Shane Clancy: was taking antidepressants

Shane Clancy had been taking antidepressants for one week before he carried out a murder-homicide in Bray, Co Wicklow, 14 days ago. He had told friends he "didn't like how they made him feel" but continued to take them, the Sunday Tribune understands.

No one other than Clancy knows what drove him to kill Sebastian Creane before turning the knife on himself. It is known he was jealous that the young man had begun dating his former girlfriend, Jennifer Hannigan – who he also tried to kill along with Creane's older brother Dylan before stabbing himself fatally in the back garden of the Creane family home.

An inquest into the death of the young Trinity student may provide some answers.

Depending on whether Clancy's parents have concerns over the effects the antidepressants were having on him, the debate over whether antidepressants can spur suicidal and homicidal thoughts – which has led to legal actions in the US – may be broached at the inquest, with expert witnesses called.

The Sunday Tribune visited five GPs in last week and reported feeling depressed. Four out of the five prescribed antidepressant medication, despite the fact it was a first-time visit to each surgery and no counselling had been undertaken.

Two leading psychiatrists have said they would not have prescribed me antidepressants and simple counselling would most likely have sufficed to solve the symptoms described.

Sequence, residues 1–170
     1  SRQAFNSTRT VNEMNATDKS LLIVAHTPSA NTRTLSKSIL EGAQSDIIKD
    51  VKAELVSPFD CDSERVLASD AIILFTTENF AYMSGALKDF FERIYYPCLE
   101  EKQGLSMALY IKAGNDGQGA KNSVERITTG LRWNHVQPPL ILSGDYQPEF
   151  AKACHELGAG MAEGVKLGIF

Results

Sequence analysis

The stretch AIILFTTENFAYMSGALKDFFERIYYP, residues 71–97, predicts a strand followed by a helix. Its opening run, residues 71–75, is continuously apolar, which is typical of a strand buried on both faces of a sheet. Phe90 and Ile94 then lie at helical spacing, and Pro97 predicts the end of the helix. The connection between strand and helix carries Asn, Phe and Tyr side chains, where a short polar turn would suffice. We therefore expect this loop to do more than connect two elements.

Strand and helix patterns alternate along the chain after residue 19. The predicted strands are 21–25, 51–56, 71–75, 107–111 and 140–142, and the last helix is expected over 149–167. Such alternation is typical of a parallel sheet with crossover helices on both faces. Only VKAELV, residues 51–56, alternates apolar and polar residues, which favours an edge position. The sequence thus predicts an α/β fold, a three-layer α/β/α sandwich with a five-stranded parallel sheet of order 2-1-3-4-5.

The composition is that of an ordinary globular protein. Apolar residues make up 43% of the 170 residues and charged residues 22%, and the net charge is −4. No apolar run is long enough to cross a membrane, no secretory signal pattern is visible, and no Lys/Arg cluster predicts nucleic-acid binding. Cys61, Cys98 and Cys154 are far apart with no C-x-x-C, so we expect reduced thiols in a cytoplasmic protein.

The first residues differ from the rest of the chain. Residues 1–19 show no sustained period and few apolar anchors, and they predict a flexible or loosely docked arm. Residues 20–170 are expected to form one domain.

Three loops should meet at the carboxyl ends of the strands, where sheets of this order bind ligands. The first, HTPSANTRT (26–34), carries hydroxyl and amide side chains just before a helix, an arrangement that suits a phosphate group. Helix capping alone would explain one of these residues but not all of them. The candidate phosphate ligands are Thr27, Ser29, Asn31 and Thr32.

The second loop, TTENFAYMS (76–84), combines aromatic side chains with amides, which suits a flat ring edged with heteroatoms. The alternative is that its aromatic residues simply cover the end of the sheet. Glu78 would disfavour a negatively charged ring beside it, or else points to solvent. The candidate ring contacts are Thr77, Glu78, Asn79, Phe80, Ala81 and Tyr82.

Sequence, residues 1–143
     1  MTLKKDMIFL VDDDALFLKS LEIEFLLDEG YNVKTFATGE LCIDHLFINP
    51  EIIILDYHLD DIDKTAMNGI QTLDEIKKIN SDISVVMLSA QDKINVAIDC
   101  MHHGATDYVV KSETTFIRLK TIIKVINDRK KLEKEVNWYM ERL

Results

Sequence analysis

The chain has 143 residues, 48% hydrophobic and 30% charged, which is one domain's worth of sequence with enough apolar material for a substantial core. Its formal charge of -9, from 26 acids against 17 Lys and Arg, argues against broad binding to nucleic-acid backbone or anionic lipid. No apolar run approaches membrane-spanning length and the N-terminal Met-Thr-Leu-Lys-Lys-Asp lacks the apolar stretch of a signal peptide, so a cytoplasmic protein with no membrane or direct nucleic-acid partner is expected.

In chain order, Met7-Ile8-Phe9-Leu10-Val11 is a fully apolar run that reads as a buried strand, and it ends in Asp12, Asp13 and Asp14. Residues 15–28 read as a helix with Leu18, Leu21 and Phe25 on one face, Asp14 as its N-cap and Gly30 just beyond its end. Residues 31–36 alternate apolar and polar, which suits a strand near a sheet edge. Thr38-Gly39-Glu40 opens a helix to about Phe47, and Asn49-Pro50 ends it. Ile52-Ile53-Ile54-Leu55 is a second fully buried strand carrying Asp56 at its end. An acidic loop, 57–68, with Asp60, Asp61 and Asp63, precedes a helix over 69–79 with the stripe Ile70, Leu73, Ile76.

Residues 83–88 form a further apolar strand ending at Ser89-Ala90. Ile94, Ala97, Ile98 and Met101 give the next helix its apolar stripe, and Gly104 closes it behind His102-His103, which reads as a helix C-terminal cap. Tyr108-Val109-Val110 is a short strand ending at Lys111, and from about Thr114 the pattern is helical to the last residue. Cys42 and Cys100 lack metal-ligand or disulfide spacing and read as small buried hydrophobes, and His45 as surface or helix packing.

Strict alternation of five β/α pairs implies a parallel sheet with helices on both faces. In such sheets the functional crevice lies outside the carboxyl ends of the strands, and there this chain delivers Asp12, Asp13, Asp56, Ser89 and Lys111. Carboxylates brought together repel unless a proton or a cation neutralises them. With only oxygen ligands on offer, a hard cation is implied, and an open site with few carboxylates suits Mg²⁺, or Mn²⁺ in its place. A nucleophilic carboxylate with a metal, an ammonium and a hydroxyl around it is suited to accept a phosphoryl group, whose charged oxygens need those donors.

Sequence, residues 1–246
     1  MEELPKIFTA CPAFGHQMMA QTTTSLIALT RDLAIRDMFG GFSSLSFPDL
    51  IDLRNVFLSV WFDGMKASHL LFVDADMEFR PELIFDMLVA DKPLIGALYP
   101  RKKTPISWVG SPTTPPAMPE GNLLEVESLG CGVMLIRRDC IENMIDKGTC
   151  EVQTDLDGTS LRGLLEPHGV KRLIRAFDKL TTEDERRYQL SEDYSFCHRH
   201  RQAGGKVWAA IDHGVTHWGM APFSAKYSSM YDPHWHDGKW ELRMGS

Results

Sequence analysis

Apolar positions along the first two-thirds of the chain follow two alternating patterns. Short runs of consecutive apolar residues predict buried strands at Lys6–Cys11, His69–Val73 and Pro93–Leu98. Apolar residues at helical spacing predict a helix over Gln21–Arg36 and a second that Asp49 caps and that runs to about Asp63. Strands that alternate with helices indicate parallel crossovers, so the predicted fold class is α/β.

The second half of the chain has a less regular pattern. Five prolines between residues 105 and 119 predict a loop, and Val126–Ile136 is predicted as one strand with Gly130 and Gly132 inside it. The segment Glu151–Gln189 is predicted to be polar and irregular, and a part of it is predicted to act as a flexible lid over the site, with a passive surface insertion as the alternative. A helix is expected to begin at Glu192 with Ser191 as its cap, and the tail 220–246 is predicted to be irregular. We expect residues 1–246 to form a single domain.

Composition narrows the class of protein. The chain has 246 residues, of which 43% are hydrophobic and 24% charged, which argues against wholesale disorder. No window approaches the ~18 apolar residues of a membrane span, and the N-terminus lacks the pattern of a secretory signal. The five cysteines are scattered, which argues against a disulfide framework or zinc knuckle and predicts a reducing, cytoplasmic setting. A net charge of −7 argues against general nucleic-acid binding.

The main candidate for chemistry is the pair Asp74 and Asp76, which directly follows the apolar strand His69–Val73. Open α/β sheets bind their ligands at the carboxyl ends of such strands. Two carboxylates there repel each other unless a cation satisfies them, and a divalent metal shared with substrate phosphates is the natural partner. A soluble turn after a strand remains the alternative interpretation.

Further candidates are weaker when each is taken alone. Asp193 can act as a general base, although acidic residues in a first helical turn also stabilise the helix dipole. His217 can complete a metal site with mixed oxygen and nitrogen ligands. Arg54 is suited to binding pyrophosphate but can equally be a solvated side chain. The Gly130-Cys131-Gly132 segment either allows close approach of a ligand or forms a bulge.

"If you'd come to me with that story of being depressed over the break-up of a relationship and losing your job, I would not have prescribed antidepressants," said Patricia Casey, professor of psychiatry at the Mater Hospital and University College Dublin.

"I think we prescribe antidepressants far too easily in this country. It's not the GPs fault: they did not act improperly by prescribing you antidepressants; you fulfilled the criteria of being depressed.

"The problem is definition of depression is far too broad. When people go to their GP and say they're not eating, sleeping or are unhappy because of a broken heart, they can get antidepressants. Technically, these people meet the criteria for major depression."

Casey (above, left in picture) said some people can experience "unpleasant side-effects" from antidepressants, such as increased agitation and anxiety.

Dr Michael Corry, a psychiatrist in private practice in Dublin and founder of 'Depression Dialogues', said he would not have prescribed me with antidepressants.

"They are the new Valium. If someone has a setback and says they feel depressed, they can get these pills very easily.

"The problem is that when people take these chemicals into their body, they can often feel strange in their minds.

"I have had clients say to me that in the first three to seven days, they feel totally out of character and worse than before.

"Side-effects can be patients wanting to self-harm, commit suicide and harm others."